Yes, teachers are stretched, but that is arguably how the teaching skill is best honed. And, the best teachers seem to enjoy the challenges of meeting unique student needs versus hoping for a homogenous class of lemmings. Sure, today’s student-teacher ratios are unfair, and extreme behavior and health exceptions exist, but those who base the argument against inclusion for most students with disabilities on lack of resources are, in my opinion, too narrow-minded. Should the minority suffer or be prevented from achieving their highest potential because the majority might have to be slightly limited?

“Where there’s a will, there’s a way.”
“Adversity is the catalyst for greatness.”
“We cannot solve problems with the same thinking that created them.”
There’s a reason quotes like these inspire us. Teddy Roosevelt famously said, “Complaining about a problem without proposing a solution is called whining.” Whining is unproductive. Let’s figure out a way to get our teachers the resources they need so students can get the education they deserve—inclusive of the diversity that exists in the world!

I’m not a classroom teacher so you could label me too dismissive of the objections. In reality, it’s just that I believe inclusion is a human rights issue, which trumps the objections. Human rights are essentially the Golden Rule: “Do unto others as you would have them do to you.”

The story of Martin Pistorius offers a poignant case in point. Martin suffered a debilitating condition that trapped him in his own body, unable to communicate though his senses were fully cognizant and engaged, for 12 years. Now that he has recovered so that he can interact with family and friends and has even written a book about his experience (Ghost Boy), we call his life worthwhile. Did he deserve to be ignored because of a health demise over which he had no control?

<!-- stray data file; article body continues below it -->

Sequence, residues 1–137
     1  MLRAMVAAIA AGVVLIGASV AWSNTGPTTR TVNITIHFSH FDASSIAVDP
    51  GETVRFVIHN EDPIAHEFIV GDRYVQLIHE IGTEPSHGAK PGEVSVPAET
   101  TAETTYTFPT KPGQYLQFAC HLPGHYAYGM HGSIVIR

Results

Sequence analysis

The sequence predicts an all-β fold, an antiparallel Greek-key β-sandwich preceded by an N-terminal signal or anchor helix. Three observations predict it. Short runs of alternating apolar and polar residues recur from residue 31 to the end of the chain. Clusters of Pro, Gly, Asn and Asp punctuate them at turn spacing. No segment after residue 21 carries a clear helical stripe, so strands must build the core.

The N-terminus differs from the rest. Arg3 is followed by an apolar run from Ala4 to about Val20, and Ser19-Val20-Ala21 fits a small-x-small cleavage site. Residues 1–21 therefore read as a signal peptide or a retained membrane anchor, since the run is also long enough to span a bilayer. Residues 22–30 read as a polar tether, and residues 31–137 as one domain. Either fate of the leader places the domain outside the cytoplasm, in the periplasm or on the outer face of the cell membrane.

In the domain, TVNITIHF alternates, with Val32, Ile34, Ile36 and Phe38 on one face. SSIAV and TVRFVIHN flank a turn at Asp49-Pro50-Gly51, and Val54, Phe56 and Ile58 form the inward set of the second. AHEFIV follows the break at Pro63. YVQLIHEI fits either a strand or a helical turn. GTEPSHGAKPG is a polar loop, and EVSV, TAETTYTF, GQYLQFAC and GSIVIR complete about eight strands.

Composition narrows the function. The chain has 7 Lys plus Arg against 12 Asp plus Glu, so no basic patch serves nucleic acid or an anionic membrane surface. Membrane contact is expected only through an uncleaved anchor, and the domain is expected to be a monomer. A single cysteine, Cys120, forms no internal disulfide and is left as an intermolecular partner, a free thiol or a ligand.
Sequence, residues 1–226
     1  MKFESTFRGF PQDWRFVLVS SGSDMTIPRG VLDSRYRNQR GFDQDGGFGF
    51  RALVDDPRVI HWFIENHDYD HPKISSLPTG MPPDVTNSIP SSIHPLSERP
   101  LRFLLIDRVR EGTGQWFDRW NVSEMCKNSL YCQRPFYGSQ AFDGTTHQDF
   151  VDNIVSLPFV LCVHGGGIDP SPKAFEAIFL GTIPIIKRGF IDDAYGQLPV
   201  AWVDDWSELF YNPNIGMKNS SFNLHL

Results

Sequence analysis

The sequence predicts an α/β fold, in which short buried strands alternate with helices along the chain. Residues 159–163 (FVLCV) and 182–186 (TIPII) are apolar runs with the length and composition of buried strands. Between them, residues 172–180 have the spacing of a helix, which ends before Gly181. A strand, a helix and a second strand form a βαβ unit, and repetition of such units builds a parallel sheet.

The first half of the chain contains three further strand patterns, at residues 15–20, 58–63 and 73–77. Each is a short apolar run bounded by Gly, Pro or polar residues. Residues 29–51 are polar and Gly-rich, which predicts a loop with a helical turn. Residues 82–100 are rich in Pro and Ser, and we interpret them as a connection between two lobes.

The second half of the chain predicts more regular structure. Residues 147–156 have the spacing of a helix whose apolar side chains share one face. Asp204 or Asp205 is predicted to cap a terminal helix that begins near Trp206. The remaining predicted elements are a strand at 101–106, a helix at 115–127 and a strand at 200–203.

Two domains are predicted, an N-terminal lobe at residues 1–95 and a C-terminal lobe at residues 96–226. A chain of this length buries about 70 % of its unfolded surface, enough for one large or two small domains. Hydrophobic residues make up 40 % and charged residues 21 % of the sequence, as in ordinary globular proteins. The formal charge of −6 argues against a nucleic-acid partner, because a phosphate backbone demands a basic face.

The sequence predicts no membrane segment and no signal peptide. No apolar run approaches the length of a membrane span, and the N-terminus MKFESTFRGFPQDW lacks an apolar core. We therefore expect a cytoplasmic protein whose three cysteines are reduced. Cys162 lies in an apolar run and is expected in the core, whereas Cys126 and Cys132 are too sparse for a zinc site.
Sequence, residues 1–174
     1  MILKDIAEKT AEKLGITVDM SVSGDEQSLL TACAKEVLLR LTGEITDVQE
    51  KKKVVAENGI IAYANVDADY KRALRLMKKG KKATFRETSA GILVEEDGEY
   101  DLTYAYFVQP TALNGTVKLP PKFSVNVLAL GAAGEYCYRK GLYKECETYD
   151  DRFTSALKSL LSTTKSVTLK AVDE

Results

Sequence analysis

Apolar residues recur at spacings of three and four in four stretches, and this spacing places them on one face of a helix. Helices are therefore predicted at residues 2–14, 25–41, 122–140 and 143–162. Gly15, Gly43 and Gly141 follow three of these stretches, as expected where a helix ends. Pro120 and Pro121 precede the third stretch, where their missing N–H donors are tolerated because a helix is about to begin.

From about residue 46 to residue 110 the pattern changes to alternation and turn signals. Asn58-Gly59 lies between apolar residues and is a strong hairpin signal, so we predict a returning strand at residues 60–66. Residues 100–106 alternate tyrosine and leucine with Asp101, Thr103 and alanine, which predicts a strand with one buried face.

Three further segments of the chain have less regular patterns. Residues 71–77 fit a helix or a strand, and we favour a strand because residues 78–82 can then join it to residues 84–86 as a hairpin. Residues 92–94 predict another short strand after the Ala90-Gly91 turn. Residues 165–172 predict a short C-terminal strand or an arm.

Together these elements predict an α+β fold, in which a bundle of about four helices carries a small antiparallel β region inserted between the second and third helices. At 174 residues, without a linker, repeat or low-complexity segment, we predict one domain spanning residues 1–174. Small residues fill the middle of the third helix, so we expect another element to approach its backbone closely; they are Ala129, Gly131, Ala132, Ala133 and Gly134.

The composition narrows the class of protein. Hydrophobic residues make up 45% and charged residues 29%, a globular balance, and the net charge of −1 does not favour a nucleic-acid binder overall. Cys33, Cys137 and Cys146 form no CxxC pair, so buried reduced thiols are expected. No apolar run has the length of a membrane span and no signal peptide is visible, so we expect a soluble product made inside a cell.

That’s a brutal question, to be sure. And we can pontificate and argue endlessly about the answer. But when it’s your son or yourself who’s in question, your perspective shifts dramatically.

Human rights trump the objections because disabilities can’t be predicted or planned for. They happen unexpectedly. Imagine that your daughter develops a disability due to an accident, and her principal tells you that your child must be removed from her normal routine and social circle because of it. As a good parent, you’d object! That’s called being an advocate, something we also teach through AIM!

Looking back, I realize that’s what JJ planted in me: the seed of advocacy, a strong and lovely thing watered by selfless friendship and fertilized by personal experience. Empathy, patience and selflessness cannot be taught except through interaction and connection with those who cannot mask their vulnerabilities like the rest of us. One of the most wonderful things people with disabilities provide our society is an opportunity to lose our self-importance, reminding us we are all disabled, most of us just get to hide it.

In that sense, we all need “special education.”

Gretchen VaughtAbout the author

Gretchen Vaught has been communicating since she was age one, to the delight and dismay of many. She decided to make a living at what came naturally, joining Smith Communication Partners in 2012, first as a contractor and then as a full-time consultant. Her professional experience spans nearly 20 years, and now includes service as a board member for two nonprofit organizations, including Build Inclusion, the parent company of AIM! Advocacy + Inclusion on a Mission. She is a charismatic advocate for people with disabilities. When she’s not working, she enjoys keeping her heart healthy in various ways. Connect with her at LinkedIn.